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One iOS 17.2 beta feature that was left out of the iOS 17.2 RC update

iOS 17.2 is expected to be released soon, but the most eager out there can preview the update through the iOS 17.2 RC that’s just been released.

As Apple aficionados know by now, RC stands for Release Candidate. In other words, if no showstopper bugs and major issues are found in the RC version, it will become the final and stable version of the mobile operating system. Once upon a time the RC was called Gold Master, but Apple changed the naming system with the release of iOS and iPadOS 14.2.

What’s missing?

There’s no support for Apple Music collaborative playlists in iOS 17.2 RC, so it’ll be delayed until 2024 at earliest.

As the report suggests, Apple pulled collaborative Apple Music playlists from iOS 17.2 RC due to concerns about abuse and spam.

As far as new features for Apple Music in iOS 17.2 go, they will most probably be:

  • Favorite Songs Playlist in Apple Music lets you quickly get back to the songs you mark as favorites
  • Use Listening History in Apple Music can be disabled in a Focus so music you listen to does not appear in Recently Played or influence your recommendations

Focus mode is another way of saying that you can have your Listening History turned on, but when the Focus Mode is also on, the songs you play won’t be added to your history and thus won’t make it to your recommendations playlist. Think of this new feature as an incognito tab. So, you’ll be able to make a slight detour from Eric Clapton and listen to Cardi B without screwing up royally your regular playlists and suggestions.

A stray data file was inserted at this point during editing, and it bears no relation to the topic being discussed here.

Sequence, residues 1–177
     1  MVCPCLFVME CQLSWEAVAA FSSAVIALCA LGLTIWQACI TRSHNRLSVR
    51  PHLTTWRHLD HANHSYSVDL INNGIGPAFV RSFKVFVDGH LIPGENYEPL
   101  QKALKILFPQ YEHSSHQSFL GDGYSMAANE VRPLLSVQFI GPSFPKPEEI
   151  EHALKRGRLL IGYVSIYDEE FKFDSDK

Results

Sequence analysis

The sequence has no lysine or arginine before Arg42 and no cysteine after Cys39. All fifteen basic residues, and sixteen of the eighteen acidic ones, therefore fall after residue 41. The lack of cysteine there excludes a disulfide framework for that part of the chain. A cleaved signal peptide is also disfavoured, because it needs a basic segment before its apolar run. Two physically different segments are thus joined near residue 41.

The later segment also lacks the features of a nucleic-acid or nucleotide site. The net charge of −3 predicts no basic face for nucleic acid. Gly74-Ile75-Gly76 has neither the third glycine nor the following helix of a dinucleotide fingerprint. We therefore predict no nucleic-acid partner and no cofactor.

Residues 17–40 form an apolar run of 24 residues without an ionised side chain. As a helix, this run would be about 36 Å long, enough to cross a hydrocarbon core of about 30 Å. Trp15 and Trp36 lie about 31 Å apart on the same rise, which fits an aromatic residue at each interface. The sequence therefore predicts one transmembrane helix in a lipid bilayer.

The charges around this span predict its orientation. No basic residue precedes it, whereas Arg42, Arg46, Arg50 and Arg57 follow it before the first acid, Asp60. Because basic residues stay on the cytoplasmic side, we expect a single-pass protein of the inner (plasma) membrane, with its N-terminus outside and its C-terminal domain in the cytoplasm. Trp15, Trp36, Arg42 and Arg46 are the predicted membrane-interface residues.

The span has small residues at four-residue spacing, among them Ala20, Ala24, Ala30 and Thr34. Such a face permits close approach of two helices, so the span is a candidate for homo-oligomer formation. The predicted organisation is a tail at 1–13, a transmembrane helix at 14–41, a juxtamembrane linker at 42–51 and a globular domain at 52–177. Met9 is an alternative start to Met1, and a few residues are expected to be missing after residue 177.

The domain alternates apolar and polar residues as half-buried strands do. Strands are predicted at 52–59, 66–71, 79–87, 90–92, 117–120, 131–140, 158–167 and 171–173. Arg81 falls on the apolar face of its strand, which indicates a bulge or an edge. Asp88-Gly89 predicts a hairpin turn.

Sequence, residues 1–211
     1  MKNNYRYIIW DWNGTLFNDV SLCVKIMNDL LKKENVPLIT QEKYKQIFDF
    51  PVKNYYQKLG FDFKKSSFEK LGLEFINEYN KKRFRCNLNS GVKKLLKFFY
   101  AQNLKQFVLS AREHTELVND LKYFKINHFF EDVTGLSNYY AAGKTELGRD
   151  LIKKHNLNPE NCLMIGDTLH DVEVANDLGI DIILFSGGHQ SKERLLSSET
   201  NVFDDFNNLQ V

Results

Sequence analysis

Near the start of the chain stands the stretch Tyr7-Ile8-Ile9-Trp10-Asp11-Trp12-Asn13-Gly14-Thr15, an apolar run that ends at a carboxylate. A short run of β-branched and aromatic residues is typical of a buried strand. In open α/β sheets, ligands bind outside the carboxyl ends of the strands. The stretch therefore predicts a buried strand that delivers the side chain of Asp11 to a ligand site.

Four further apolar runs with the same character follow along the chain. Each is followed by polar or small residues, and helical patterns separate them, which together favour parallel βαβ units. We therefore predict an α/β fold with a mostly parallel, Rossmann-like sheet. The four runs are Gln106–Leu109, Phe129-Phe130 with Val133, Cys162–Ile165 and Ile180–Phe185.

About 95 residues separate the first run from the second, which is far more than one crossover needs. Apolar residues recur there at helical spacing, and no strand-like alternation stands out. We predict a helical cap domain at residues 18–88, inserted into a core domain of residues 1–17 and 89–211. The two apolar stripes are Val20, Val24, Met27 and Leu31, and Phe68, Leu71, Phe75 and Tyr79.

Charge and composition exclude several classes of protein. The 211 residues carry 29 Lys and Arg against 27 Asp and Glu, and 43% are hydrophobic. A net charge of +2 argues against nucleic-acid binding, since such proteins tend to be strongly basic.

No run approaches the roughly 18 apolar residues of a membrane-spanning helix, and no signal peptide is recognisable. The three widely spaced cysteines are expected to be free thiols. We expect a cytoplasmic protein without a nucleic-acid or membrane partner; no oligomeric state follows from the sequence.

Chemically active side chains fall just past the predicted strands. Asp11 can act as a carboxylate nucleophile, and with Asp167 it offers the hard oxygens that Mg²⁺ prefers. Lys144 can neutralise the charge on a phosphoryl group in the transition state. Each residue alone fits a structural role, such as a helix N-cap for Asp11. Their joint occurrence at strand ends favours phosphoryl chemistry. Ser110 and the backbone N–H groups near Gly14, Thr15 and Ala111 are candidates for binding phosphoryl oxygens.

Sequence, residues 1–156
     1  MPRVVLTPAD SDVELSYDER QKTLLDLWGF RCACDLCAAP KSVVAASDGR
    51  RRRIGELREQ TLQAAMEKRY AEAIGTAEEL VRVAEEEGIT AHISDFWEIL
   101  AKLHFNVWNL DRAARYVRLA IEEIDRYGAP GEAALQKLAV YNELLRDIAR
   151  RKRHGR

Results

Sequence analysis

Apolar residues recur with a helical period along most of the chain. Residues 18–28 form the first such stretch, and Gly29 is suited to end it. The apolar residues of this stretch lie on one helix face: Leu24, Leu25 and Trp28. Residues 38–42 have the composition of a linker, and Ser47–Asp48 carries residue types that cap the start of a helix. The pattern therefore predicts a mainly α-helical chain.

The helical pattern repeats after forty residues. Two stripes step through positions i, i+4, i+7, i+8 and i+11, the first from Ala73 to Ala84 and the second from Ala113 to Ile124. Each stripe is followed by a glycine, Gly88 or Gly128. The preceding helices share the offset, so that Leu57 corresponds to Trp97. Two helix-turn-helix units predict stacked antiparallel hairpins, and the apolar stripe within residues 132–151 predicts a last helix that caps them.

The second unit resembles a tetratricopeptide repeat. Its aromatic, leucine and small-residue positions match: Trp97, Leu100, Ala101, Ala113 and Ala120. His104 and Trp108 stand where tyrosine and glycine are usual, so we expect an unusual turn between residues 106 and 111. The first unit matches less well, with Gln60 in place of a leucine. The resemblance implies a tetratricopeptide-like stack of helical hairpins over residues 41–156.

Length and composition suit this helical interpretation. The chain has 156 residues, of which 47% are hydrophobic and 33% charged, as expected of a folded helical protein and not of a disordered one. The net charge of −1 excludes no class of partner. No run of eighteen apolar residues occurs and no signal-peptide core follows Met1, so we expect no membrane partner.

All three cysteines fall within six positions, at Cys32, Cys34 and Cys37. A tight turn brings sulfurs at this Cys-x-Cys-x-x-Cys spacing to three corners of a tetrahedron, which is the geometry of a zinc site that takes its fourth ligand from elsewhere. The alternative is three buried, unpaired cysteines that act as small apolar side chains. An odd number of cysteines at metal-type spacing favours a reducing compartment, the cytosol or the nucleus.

Collaborative playlist support for Apple Music was first announced at WWDC in June and Apple provided the feature in the first iOS 17.2 beta, but later removed it in the fourth iOS 17.2 beta. Some were hoping to see it back in the iOS 17.2 RC – and ultimately, in the stable iOS 17.2 update – but that’s not the case apparently.

The collaborative playlist support feature could give users with the new option to invite other people to collaborate on this playlist. From there, everyone will be able to add to that playlist, reorder songs, remove songs, and use emoji to react to the songs shown in the Now Playing interface.

When you create collaborative playlists, you can opt to allow anyone with the link to collaborate. Alternatively, you can opt to manually approve people before they can collaborate on the playlist.

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